In a quiet and unassuming way, Ottawa native Jim Bryson is becoming one of Canada’s most sought after musicians. Not only does he regularly perform as a part of acclaimed roots-rocker Kathleen Edwards’ band, he has also “done time” playing auxiliary instruments for The Tragically Hip. Of course, it would be safe to say that both The Hip and Edwards were drawn into Bryson’s atmosphere thanks to the solid, arguably unforgettable songs that he has written over the course of four studio records as well as one live effort.
Bryson’s newest record, The Falcon Lake Incident, was a joint venture with Canadian indie-rock heroes The Weakerthans and helped to raise his profile even further in our country. According to Bryson, the idea of making a record went from being a mere conversation to reality in a remarkably short span of time.
“I met Jason Tait from The Weakerthans while I was touring with my old band Punchbuggy,” Bryson recalls. “When I released my second record in 2005, I ended up opening for The Weakerthans across Canada and it was then that our friendship was really forged.”
Bryson would go on to join The Weakerthans on tour, performing as a sideman for the group while the bond between the various members grew stronger.
“Then one day, Steve (Carroll) from The Weakerthans and I went to lunch and concocted a plan to make a record together. From there, the idea completely steamrolled itself; I never could have anticipated that three months after having casually talked about it that we would actually be in the studio.”
Although Bryson was the primary songwriter for the tracks contained on The Falcon Lake Incident, he admits that the songs were written specifically for the purpose of recording with the acclaimed indie band.
“The record was a collaborative effort in terms of the arrangements of the songs. I wrote the songs but they definitely put their stamp on them,” he says.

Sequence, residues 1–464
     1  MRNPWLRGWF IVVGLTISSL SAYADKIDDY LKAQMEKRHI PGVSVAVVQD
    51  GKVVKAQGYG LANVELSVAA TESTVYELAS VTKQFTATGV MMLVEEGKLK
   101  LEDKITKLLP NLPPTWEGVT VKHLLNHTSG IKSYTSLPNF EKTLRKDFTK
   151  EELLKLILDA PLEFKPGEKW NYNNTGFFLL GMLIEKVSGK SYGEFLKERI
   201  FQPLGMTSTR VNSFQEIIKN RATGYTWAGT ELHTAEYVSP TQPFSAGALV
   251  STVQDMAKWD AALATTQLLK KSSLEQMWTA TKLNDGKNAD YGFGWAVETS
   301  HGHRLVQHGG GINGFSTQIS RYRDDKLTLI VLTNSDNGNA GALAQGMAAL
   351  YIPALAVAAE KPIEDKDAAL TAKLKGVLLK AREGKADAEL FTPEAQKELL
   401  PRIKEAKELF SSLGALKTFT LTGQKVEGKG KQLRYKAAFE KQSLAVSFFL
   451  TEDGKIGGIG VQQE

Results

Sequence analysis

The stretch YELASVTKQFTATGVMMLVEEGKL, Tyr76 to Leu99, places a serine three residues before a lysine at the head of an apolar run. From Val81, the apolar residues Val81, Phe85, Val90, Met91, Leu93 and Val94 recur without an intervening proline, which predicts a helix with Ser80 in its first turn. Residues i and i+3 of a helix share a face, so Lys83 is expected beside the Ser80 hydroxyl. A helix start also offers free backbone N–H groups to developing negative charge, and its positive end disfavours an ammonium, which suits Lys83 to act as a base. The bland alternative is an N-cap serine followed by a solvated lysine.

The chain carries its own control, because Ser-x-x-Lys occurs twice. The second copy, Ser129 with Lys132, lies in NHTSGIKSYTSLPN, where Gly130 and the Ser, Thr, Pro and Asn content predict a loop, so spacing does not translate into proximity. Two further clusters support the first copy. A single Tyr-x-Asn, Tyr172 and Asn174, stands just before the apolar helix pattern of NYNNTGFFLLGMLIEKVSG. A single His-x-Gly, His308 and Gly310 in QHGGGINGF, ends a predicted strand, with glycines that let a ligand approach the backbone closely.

Bryson’s show as a part of the Sappyfest Music and Arts Festival taking place this weekend in Sackville will feature material from both Bryson’s solo efforts as well as material recorded in conjunction with The Weakerthans.
With such a flurry of activity taking place in Camp Bryson, one has to wonder when the musician will begin writing the material for a follow-up record. Bryson doesn’t seem the least bit phased at the prospect of not being prepared to make a new record, saying that he tends to write only when the mood strikes him.
“I know some musicians sit down and intentionally work on writing new music,” he says. “For me, I just catch it as goes by. I never put a timetable on writing new material. The songs come together when they do.
“It just so happens with me that the time between my records is not a bad thing. I tend to think it is good to have a record done and released every two to three years. But for the time that lapses between my records, it is not very representative of the actual time that it takes to make the record. I tend to record really quickly and then sit on the record for awhile before it actually gets released.”
Doing things for himself and at his own pace is nothing new in the world of Jim Bryson. In fact, he recalls that while performing with The Tragically Hip, his self-motivation was good-naturedly touched upon by one of the Hip’s stage techs.
“I have always been accustomed to doing things for myself. When I was playing with The Hip, I had gone on stage after sound check to fix one of my guitar pedals but not long after I was up there, one of their techs approached me and asked me what I was doing, that he was hired to fix things that needed repairing for the band. And it was just so odd to hear because I am wired to do things for myself; that is just how I have always done things.”
Article published in July 29, 2011 edition of the Times & Transcript